Skip to content
Join our Newsletter

Rain City strategy: A green approach to the future on the Wet Coast

How rain defines, and, in the future, will continue to shape our city.
Vancouver has embraced GRI - Green Rainwater Infrastructure. Here's how rain is part of the city's long-range climate mitigation plan.

As Vancouver enters an uncertain summer, what better time to talk about every Vancouverites’ favourite subject. No, not The English Bay barge, the rain.

Some climate predictions have the annual rainfall in British Columbia rising by 6 per cent over the next twenty-eight years. The implications are stark: flooding, sewer overflow, and increased water pollution. The IPCC Sixth assessment says an increase in extreme precipitation for our region is “very likely.” Good thing then that the City of Vancouver has embraced Green Rainwater Infrastructure (GRI).

Think of GRI as a means of incorporating nature to solve water-related problems caused by rain. Moreover, GRI improves water quality, enhances biodiversity, and creates ecological habitats. GRI should not be confused with grey infrastructure, the antiquated system of pipes, treatment plants, and reservoirs that has long been the method of managing water resources. Rainwater management requires a holistic approach involving GRI, land use and, yes, those old pipes.

GRI is central to the COV’s Rain City strategy, a long-term plan to turn Vancouver into a “water sensitive” city. The strategy shows a vision for a future where the city has been “reimagined” in its design to “embrace rainwater as a valued resource [for] communities and natural ecosystems.” To do this, the strategy aims to remove pollutants from captured rainwater, increase porous land, limit the volume of rainwater getting into the pipe system, “harvest” rainwater, and increase green spaces. The end goal: Capture and clean 90 per cent of our average rainfall, and manage 40 per cent of runoff from impervious areas by 2050.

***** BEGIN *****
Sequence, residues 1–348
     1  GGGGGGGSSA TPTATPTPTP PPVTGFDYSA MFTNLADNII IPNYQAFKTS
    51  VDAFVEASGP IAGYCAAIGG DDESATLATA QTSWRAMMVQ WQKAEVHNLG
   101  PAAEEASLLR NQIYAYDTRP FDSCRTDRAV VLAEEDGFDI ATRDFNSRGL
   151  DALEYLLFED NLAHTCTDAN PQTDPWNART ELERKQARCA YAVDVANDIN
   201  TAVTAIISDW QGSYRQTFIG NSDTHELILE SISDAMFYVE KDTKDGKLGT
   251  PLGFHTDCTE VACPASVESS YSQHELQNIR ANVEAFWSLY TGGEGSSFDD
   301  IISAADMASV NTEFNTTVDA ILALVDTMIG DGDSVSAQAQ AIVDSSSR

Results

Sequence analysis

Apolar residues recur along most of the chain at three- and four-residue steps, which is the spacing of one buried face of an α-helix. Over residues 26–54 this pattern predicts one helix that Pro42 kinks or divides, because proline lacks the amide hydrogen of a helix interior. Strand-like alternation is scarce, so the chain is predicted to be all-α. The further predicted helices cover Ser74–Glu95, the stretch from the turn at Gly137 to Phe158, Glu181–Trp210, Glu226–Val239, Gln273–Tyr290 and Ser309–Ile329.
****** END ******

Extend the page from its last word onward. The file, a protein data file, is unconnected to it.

So what does GRI look like? Here’s a primer on some GRI options that can mitigate rainfall.

  • Bioswale: open spaces designed to attenuate and treat stormwater runoff. They act as a sort of eco-gutter whereby the soil and vegetation slow rainwater down, allowing the water to sieve through the soil, which then removes any particulate pollutants such as dust and smoke.
  • Rain garden: landscape features that treat water runoff from a hard surface, like a roof, patio, or parking lot. There are several pros to rain gardens, but to cite just one here: they can be designed to temporarily house small or medium amounts of stormwater.
  • Permeable (porous) paving: hard surface that allows rainfall to seep into an underlying reservoir where rain can be filtered by the soil or drained away. The flaw in concrete and asphalt is that due to their impermeable nature, rain has nowhere to drain so it pools on the surface or flows down toward its lowest point. Porous paving allows rainfall to enter the sub-soil leading to groundwater recharge. Great news for aquifers!
  • Green roofs: roofs that have a waterproof membrane, some growing medium, and soil that supports living plants. In other words, a “living roof.” Studies show that these living roofs return moisture back into the atmosphere through evapotranspiration, or the net result of evaporation from the surface and transpiration from plants.
  • Rainwater harvesting: collecting rainwater and storing it for later use. This practice can supplement municipal water needs, protect watersheds, and be used for irrigation.

See? GRI isn’t as fanciful or strange as you might expect. You may have already seen examples of it in action around the city. Like the bioswale at Yukon and 63rd, for example. Rain does define, and in the future, will continue to shape our city.